The quest for Strategic Interdependence: What does Brazil think?

This event will delve into EU-Brazil long-standing partnership and the views of Brazil and Brazilians on international relations and foreign policy debates

, Berlin time (CEST, UTC+2)

Hybrid event

Venue: Centro Brasileiro de Relações Internacionais (CEBRI), Rua Marquês de São Vicente, 336, Gávea, Rio de Janeiro

While the European Union and Brazil have been strategic partners since 2007, at least on paper, it was not until the EU-CELAC Summit in July 2023 that the relationship truly gained momentum. The landmark summit set the pace for more structured political dialogue and gave rise to many cooperation projects on mutual priority issues ranging from the digital transition to environmentalism. Both partners are dedicated multilateralists on issues such as trade and climate. However, the long-stalled EU-Mercosur trade agreement remains a thorn in the side of EU-Brazil relations. The odds for its completion remain low, with France blocking it out of domestic concerns in the run-up to European Parliament elections and Macron’s fragile standing in the polls at home.

The EU and Brazil differ in their views on the main international security crises of the 21st century, from Libya to Syria, and from Ukraine to Palestine. While both partners are advocates for a rules-based international order, Brazil seeks to become the leading voice of the Global South and a promoter of its own multilateral architecture. The unsettling international context has brought the EU and Brazil into closer geopolitical proximity than before. Caught in the crosshairs of systemic US-China competition, Europeans increasingly feel stuck between a rock and a hard place. At the same time, Russia’s invasion of Ukraine has fundamentally shaken the bedrock of the European project. It is thus of utmost importance to look for like-minded partners to sustain the multilateral order and address the main global challenges of today – from climate change to security governance – in a cooperative way.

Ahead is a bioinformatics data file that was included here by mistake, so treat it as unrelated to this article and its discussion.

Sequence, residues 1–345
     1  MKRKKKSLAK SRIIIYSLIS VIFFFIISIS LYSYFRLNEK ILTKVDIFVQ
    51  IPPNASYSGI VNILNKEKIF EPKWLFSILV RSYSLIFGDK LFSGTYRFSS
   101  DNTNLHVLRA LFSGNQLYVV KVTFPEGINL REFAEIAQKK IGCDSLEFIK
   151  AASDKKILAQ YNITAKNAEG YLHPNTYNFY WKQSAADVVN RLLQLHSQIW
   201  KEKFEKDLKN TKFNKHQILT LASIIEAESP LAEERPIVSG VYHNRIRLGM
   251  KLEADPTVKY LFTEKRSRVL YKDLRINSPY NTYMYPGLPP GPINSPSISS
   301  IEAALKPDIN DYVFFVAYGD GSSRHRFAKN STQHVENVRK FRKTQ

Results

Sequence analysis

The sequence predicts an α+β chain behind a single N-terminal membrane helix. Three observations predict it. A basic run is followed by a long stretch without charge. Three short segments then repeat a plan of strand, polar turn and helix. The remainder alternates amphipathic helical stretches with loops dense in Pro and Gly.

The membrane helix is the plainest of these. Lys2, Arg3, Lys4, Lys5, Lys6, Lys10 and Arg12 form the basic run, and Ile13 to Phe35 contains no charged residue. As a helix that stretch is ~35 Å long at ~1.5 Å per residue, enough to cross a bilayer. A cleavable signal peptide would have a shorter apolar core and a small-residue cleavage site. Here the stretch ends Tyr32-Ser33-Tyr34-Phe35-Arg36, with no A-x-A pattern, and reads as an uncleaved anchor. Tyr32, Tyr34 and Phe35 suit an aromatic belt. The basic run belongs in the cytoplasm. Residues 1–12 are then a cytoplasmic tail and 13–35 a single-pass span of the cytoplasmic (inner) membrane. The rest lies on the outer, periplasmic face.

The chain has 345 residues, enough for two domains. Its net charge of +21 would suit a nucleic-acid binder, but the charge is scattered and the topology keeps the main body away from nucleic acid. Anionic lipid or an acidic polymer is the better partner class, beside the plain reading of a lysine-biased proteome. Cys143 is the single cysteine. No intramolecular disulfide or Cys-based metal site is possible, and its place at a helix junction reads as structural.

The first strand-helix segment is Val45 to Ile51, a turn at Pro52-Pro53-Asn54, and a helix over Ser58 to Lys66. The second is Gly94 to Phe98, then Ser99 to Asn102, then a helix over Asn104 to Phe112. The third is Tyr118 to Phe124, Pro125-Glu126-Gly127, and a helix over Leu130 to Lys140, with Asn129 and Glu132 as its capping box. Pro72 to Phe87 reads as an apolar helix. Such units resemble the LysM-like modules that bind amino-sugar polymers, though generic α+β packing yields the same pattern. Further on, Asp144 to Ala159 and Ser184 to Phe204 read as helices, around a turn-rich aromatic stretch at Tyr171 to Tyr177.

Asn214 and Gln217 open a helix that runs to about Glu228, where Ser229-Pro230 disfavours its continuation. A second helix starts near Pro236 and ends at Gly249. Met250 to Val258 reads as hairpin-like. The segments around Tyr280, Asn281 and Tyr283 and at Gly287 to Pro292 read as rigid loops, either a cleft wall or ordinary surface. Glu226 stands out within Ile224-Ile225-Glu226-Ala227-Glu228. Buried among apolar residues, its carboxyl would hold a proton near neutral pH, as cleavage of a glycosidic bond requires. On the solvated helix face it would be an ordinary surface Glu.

Europeans consider Brazil a natural partner, eager to pursue an autonomous foreign policy, and beneficiary of close links with the US, Europe, China, and Russia alike. Still, Brazil may not be able to remain ambivalent in US-China rivalry, and between democracies and autocracies more broadly, for much longer. President Lula might increasingly need to pick sides. The quest for strategic interdependence between the EU and Brazil will have to start by adapting to the rapidly shifting regional and international dynamics and rediscover the reasons why they would like to consider each other a partner in the first place.

You can follow the conference online in the link below:

This event is co-organised by ECFR and the Brazilian Center for International Relations (CEBRI).


Public event


  • Ambassador Antonio José Maria de Souza e Silva – CEBRI Advisory Board Member, Former Brazilian ambassador to East Timor, Mozambique, and Myanmar
  • José Juan Timermans – Madrid Office Assistant, European Council on Foreign Relations (ECFR)

Presentations and debate

  • Feliciano de Sá Guimarães – Academic Director, Brazilian Center for International Relations (CEBRI); Associate Professor, Institute of International Relations, University of São Paulo
  • Ivan Fernandes – Professor, Federal University of ABC (UFABC)
  • Isabel Rocha de Siqueira – Director of PUC-Rio’s International Relations Institute (IRI, PUC-Rio)
  • Pawel Zerka – Senior Policy Fellow, European Council on Foreign Relations (ECFR)

Moderated by Feliciano de Sá Guimarães, Academic Director, Brazilian Center for International Relations (CEBRI); Associate Professor, Institute of International Relations, University of São Paulo

With the cooperation of